This summer I was able to complete the most challenging professional development I have ever attended and it has transformed my teaching forever. Very rarely do I come across the opportunity to attend a PD that focuses on both instructional strategies and science so when my District was approached about attending this PD I was excited! BIG THANK YOU to OKC Public Schools for bringing this amazing opportunity to teachers in Oklahoma! My teacher friend (and fellow OKSci Leadership Alumni!) is trying to bring this PD to the Tulsa/North Eastern area and I truly hope she can. Science education is changing, not only in Oklahoma but all over the US. This change is going to be hard. Teachers are going to need help with this transition. PD, like the one I attended, is going to be an important part of this process. For teachers that can’t attend PD I hope blogs like mine can provide the support they need. While I’ve done a short review of Moulding’s book, “A Vision and Plan for Science Teaching and Learning,” this post is going to focus on a short description of 3-Dimensional Learning and my interview with Brett Moulding. My posts this summer will then focus more on the 3D framework and provide examples and other links for more information.
At the end of the 10-day PD Brett Moulding so graciously agreed to a quick interview before having to catch his flight. Below you’ll find the 4 questions I asked him and his responses.
Teaching Elements (TE): Why should teachers incorporate 3-dimensional learning into their science classrooms?
Brett Moulding: Science education centers on engaging students in a deeper understanding of science and incorporates the abilities they will need to make sense of phenomena. Teaching should engage students in performing science, not just watching and listening to the teacher.
TE: Bringing up phenomena, for teachers that do not know, what is that and why would they want to use it?
Moulding: Phenomena are observations we make about the world around us using our senses. Science is about making sense of these phenomena and is the most authentic way to get students thinking about science.
TE: The Framework described in your book can initially be overwhelming to teachers, where would you suggest a teacher should start?
Moulding: Teachers should begin organizing their instruction around the 3-demensions: crosscutting concepts, disciplinary core ideas, and science and engineering practices. By doing this they can fuse their current practices with the 3-dimensions and ease into implementation.
TE: You’ve been in education for many years, including teaching in the classroom for 20 years. What’s your favorite part of teaching?
Moulding: Oh that’s easy, the students. They are always the best part.
Thank you Brett Moulding for letting me interview you! At the end of our conversation I was asked if I’d be interested in allowing a camera crew into my classroom to be videoed and I can’t wait! I know it’s practically a year away and many things can happen but I look forward to this challenge. 🙂
Moulding suggested that teachers should start organizing their instruction around the 3-dimensions, so what are they? Below you’ll find a basic outline of the 3 Dimensions found in the Oklahoma Academic Standards for Science.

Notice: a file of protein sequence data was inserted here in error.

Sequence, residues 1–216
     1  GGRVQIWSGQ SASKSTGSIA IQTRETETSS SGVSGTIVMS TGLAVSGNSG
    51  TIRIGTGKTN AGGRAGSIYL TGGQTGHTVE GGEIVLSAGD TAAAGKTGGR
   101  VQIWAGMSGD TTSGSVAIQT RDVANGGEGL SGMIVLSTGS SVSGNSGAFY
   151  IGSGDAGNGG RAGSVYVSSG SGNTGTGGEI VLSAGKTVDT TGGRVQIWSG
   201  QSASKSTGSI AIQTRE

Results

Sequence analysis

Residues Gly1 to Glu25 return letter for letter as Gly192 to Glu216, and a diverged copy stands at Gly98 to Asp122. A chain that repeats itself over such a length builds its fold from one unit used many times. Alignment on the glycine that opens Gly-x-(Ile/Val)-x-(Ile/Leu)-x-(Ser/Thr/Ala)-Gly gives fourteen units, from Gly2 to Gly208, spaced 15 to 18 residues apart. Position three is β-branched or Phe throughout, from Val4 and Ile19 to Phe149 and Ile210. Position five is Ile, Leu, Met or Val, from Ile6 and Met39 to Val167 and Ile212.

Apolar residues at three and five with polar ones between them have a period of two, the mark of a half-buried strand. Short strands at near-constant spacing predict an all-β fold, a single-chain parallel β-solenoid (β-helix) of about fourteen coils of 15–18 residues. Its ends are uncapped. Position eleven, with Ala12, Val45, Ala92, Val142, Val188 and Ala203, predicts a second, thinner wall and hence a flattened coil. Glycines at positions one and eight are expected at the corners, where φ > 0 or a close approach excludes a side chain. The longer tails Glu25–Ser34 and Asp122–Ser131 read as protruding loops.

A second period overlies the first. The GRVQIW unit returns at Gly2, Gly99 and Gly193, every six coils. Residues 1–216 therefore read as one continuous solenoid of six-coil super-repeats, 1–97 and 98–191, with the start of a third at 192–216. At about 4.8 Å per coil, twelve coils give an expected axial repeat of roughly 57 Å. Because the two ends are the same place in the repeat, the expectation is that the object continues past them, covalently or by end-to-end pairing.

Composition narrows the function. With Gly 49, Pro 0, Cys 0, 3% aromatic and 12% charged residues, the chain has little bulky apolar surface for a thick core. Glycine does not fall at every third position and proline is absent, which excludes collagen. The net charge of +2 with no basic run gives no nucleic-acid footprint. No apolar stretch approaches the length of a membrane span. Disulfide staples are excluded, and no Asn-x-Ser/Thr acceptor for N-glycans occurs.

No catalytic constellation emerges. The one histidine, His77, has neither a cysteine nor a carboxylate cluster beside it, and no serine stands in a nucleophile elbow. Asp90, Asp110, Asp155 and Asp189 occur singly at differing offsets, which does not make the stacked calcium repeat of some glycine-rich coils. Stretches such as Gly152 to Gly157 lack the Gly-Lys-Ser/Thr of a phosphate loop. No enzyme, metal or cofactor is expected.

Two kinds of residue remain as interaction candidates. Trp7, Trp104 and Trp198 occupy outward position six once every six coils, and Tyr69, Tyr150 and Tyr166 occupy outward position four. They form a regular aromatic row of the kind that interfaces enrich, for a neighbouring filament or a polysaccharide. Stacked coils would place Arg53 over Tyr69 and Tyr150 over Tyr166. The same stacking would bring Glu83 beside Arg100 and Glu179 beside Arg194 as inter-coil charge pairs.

Dimension 1: Science and Engineering Practices (SEP)
The Science and Engineering Practices (SEP) can be found in the first column of the Oklahoma Science Standards and are highlighted blue. The SEP’s are how scientists “do” science and it encompasses:
- Asking questions (for science) and defining problems (for engineering)
- Developing and using models
- Planning and carrying out investigations
- Analyzing and interpreting data
- Using mathematics and computational thinking
- Constructing explanations (for science) and designing solutions (for engineering)
- Engaging in argument from evidence
- Obtaining, evaluating, and communicating information
Dimension 2: Crosscutting Concepts (CCC)
The crosscutting concepts (CCC) can be found below the 3 columns of our standards and are highlighted orange. The CCC’s are what connect the sciences and include:
- Cause and effect: Mechanism and explanation
- Scale, proportion, and quantity
- Systems and system models
- Energy and matter: Flows, cycles, and conservation
- Structure and function
- Stability and change
Dimension 3: Disciplinary Core Ideas
The disciplinary core ideas (DCI) are located in the center column and are highlighted blue. These are not the standards (those are the performance expectations) rather the DCI’s are content that needs to be taught, which are:
- PS1: Matter and Its Interactions
- PS2: Motion and Stability: Forces and Interactions
- PS3: Energy
- PS4: Waves and Their Applications in Technologies for Information Transfer
- LS1: From Molecules to Organisms: Structures and Processes
- LS2: Ecosystems: Interactions, Energy, and Dynamics
- LS3: Heredity: Inheritance and Variation of Traits
- LS4: Biological Unity and Diversity
Earth and Space Sciences
- ESS1: Earth’s Place in the Universe
- ESS2: Earth’s Systems
- ESS3: Earth and Human Activity
Interested in a book study for “A Vision and Plan for Science Teaching and Learning”? The #OKSci Facebook group will begin one on June 27th! There will be questions posted to the group to encourage collaboration and even if you’re not from Oklahoma you’re more than welcome to join us! A link to purchasing the book from the publisher can be found with my review of the book. You can purchase the book from Amazon as well but it’s nearly double the cost if you do that.
Also check out these PD on Your Plan Modules! I’ve done them and they are a fantastic resource for helping with implementing the new science standards and incorporating 3D learning!